Creating Cambodia's First Marine Fisheries Managed Area
Fauna & Flora International
2013 - 2016
Cambodia's waters support a rich and abundant marine life including coral reefs, seagrass meadows, extensive mangrove forests and key species such as the critically endangered hawksbill turtle. Tragically, due to years of political turmoil and decades of economic instability, there is a lack of financial and human resources in research and support in government institutions to implement effective conservation measures.
In the face of major threats including overfishing and large-scale, but poorly planned, coastal development, the need to protect Cambodia’s waters and the local communities who rely on them has never been so important. The Royal Government of Cambodia (RGC) has made a commitment under the Convention for Biological Diversity to protect 10% of marine and coastal eco-regions by 2020. Furthermore, in 2012, the FFI started a new and exciting project to support Cambodia's Fisheries Administration (FiA) to establish and manage the country's first Marine Fisheries Management Area (MFMA) in the Koh Rong Archipelago.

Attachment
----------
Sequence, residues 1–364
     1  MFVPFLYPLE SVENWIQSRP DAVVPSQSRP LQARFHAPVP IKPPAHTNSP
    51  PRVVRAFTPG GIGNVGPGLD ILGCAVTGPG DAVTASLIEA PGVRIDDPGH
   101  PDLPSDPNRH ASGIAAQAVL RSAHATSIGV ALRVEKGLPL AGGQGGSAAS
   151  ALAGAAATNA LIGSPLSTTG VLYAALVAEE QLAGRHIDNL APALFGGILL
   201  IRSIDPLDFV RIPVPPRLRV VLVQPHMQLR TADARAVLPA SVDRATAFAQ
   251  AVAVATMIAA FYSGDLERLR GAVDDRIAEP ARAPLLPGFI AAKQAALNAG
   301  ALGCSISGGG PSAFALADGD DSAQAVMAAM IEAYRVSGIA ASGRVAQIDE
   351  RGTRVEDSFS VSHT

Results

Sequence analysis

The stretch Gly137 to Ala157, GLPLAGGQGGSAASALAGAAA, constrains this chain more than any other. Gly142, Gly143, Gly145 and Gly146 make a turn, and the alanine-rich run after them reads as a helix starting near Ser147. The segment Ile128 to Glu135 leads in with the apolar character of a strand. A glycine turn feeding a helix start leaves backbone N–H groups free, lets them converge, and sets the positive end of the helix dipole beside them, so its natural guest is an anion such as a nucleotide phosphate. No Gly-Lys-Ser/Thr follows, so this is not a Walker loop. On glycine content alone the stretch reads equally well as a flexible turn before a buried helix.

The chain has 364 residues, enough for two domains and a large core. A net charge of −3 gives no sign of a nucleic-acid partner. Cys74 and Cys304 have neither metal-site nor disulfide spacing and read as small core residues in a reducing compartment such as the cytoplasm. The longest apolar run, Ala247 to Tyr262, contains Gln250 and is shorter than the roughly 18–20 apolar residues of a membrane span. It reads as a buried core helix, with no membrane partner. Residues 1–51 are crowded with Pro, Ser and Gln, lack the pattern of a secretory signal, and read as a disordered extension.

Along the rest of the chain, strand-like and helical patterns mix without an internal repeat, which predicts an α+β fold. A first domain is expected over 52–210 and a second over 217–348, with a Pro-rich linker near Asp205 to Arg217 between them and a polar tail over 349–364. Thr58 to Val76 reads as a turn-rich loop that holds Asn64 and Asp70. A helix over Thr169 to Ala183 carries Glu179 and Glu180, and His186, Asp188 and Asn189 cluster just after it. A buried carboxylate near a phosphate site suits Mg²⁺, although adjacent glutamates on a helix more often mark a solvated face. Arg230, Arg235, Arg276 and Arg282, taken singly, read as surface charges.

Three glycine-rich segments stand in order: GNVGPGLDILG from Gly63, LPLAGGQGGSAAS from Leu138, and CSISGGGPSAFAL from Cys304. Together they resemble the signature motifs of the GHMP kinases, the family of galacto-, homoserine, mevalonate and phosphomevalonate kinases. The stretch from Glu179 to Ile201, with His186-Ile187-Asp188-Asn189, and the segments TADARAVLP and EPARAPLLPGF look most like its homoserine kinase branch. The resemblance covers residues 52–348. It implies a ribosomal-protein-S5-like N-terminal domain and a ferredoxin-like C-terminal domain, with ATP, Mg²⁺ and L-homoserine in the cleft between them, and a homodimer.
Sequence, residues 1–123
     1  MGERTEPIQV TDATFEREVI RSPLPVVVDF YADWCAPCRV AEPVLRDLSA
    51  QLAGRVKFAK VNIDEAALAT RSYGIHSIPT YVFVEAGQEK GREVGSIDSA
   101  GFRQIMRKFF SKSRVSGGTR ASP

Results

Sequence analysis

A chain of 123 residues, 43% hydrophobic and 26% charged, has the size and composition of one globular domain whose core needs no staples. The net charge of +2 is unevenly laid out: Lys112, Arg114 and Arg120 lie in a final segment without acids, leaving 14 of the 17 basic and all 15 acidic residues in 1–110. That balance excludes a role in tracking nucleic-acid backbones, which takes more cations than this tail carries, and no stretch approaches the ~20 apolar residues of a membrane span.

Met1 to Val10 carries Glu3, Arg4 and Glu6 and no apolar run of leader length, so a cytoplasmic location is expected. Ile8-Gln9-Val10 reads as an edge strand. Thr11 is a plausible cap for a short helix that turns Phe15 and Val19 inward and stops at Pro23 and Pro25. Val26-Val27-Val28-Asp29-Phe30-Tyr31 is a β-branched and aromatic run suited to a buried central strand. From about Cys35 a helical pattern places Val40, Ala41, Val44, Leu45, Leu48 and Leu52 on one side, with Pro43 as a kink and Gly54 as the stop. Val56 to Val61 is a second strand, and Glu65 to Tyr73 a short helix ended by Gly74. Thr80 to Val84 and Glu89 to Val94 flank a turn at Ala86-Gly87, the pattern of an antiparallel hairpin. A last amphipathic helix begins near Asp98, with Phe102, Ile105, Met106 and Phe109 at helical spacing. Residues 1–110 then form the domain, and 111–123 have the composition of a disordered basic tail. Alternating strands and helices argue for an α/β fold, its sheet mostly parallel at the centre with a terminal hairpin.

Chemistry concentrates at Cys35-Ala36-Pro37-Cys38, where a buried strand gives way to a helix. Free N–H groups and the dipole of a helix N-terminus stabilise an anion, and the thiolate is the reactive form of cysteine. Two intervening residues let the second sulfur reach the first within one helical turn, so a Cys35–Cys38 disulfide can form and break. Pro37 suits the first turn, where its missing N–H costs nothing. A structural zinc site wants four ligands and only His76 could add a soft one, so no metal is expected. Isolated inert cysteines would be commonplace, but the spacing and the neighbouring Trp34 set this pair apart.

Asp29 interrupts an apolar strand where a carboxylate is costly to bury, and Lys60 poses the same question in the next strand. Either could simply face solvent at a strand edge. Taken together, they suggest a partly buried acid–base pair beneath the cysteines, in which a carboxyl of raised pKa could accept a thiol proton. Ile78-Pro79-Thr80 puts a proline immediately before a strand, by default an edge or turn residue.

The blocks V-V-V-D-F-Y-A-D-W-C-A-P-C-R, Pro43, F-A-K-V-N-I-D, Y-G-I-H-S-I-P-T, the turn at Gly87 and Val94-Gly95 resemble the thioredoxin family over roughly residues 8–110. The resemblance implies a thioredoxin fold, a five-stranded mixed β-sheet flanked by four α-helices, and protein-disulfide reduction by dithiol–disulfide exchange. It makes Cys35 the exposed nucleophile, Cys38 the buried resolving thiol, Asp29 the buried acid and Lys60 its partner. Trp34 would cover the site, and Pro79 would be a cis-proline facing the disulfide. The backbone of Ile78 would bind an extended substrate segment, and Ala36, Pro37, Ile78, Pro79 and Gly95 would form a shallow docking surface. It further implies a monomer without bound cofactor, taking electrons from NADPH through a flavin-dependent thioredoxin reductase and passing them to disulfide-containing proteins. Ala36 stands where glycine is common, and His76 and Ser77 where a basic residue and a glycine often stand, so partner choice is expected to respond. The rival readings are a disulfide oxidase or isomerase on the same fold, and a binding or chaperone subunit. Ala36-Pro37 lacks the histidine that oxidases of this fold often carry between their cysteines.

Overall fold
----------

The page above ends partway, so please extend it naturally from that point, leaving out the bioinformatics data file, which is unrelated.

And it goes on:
FFI will ensure that FiA has the relevant information, tools and training required to effectively design, manage and monitor the MFMA, which will underpin sustainable coastal livelihoods and serve as a model for subsequent marine spatial planning in the country.
The main objectives of the project are to: i) improve FiA and CFi capacities to manage marine fisheries resources, ii) create policy instruments and plans for protecting coastal habitats for the benefit of fisheries and tourism, iii) identify and develop sustainable funding streams to support effective local management iv) empower small-scale fishers and engage the private sector in MFMA design and management.